“They have a duty just like the other biotech companies to act reasonably with respect to the launch of a new commercial GMO trait,” said Stueve, who represents tens of thousands of farmers in other pending cases. 

“These cases are based on bedrock negligence principles, based on the duty toward those for whom there is foreseeable harm.”

Syngenta argues China fails to meet other important standards for in the BIO guidelines, however. Those guidelines assume foreign countries have a “functioning regulatory system” that is predictable, utilizes scientific judgment and isn’t subject to undue political interference.

China failed on all those counts, according to Syngenta. In a motion urging the judge to dismiss the case at the close of trial, Syngenta said it had no duty to “suppress or limit the introduction of U.S.-approved biotechnology in the U.S. simply to cater to the demands of a foreign country that has no functioning regulatory system.”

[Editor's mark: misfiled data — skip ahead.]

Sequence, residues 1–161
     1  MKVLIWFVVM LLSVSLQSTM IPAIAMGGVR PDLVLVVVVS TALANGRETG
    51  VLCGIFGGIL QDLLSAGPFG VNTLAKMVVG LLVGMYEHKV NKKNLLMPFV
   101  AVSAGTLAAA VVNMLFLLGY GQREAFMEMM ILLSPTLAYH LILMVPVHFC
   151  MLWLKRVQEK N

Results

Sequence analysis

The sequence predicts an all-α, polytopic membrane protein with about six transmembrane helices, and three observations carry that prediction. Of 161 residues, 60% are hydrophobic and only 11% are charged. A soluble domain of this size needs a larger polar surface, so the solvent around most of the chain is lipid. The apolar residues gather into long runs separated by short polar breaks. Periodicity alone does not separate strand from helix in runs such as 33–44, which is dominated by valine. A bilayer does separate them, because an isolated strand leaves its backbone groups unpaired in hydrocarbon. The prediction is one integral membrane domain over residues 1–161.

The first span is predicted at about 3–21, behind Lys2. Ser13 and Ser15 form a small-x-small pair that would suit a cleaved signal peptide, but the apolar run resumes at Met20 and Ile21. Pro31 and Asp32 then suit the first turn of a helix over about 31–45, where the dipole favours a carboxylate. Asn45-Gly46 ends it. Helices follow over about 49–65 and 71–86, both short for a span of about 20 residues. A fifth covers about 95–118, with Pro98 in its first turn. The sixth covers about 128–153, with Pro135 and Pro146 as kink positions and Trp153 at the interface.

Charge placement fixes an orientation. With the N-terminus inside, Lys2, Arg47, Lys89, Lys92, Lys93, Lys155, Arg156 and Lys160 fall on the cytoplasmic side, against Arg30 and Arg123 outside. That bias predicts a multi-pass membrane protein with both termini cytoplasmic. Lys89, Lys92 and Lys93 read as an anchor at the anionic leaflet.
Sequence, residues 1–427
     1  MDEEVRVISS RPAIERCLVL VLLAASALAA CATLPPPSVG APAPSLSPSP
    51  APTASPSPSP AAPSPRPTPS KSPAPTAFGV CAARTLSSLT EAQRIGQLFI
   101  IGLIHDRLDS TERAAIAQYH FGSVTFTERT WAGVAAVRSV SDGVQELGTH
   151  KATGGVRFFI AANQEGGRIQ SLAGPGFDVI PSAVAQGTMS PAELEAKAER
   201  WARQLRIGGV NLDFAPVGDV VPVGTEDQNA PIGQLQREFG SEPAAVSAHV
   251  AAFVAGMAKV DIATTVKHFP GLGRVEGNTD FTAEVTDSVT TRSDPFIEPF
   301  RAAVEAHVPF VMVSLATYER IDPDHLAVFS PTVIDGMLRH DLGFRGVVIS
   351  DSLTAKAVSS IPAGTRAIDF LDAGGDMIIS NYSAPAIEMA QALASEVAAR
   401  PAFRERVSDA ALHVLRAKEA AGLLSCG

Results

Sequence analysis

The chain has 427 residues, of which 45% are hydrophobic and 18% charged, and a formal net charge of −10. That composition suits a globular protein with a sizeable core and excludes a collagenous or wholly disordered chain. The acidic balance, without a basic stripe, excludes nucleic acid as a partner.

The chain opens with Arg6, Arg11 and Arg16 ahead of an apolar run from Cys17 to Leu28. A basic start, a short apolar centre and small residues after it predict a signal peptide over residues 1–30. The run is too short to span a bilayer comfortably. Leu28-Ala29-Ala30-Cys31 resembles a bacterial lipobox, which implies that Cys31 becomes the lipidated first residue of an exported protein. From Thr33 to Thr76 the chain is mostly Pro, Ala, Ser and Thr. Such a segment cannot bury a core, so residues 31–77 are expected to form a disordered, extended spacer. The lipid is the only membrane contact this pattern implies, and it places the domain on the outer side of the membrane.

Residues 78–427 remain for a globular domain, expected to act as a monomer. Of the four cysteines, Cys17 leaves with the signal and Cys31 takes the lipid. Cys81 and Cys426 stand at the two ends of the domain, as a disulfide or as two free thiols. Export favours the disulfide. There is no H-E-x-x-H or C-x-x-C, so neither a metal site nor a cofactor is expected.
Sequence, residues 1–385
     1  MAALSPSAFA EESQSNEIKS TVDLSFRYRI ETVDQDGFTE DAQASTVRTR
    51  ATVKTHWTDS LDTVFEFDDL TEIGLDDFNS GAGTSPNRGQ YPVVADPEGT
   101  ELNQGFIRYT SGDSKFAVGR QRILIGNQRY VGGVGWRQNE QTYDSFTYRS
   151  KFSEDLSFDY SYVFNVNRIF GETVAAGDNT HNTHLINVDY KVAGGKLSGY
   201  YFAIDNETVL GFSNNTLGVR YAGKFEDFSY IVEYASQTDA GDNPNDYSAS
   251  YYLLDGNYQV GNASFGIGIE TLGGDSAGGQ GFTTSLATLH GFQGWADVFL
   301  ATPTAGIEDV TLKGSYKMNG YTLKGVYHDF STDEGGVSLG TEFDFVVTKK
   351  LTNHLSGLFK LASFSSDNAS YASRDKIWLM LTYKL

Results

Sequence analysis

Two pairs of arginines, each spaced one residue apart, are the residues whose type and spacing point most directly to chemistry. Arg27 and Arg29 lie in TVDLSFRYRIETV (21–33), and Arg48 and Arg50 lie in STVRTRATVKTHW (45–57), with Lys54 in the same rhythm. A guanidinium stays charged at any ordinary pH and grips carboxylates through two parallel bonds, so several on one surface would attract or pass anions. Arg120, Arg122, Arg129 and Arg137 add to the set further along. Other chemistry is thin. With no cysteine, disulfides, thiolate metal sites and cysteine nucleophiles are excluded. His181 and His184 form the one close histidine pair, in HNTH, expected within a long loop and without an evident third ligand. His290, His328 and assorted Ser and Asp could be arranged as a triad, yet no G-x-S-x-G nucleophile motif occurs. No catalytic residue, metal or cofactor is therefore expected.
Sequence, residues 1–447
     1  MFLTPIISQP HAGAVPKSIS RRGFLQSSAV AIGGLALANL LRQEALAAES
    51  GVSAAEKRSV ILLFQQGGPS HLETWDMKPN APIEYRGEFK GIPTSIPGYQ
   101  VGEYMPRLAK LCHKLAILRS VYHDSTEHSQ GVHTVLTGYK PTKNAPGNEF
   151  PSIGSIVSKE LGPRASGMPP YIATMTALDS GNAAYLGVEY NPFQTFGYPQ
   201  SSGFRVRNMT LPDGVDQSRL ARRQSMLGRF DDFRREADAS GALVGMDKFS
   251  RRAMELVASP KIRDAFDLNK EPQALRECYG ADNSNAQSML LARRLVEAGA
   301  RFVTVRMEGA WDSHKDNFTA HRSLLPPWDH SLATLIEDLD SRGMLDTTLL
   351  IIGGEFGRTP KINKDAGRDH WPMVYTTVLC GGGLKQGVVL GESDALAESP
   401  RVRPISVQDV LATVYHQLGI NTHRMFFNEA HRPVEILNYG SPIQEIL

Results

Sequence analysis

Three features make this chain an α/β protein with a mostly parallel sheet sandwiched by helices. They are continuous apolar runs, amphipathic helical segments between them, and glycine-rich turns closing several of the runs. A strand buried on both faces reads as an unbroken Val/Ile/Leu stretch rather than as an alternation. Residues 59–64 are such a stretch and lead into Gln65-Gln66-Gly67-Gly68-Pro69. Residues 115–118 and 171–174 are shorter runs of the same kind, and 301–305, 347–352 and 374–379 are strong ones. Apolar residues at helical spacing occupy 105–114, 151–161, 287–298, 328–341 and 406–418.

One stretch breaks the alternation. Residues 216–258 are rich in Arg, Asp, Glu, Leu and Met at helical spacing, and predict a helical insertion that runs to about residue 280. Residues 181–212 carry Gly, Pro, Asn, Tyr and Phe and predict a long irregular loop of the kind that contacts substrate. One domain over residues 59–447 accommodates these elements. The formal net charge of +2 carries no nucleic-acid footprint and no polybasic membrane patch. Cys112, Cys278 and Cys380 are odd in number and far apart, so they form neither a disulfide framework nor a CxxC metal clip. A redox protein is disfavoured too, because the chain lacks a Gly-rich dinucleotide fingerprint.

“Any other result would hold U.S. advances in agricultural technology hostage to the whim of foreign regimes that are concededly arbitrary, capricious, or riddled with political considerations in restricting GM imports and to countries that have no established importance for preserving an American export market in the commodity in question,” Syngenta argued.

It also rejected the legal theory it could be required to indemnify farmers against the actions of foreign regulators, citing Exxon v. Amoco, a 1989 decision by the U.S. Court of Appeals for the Fourth Circuit that said it went against public policy to hold private companies liable for “the arbitrary acts of government bureaucracy.”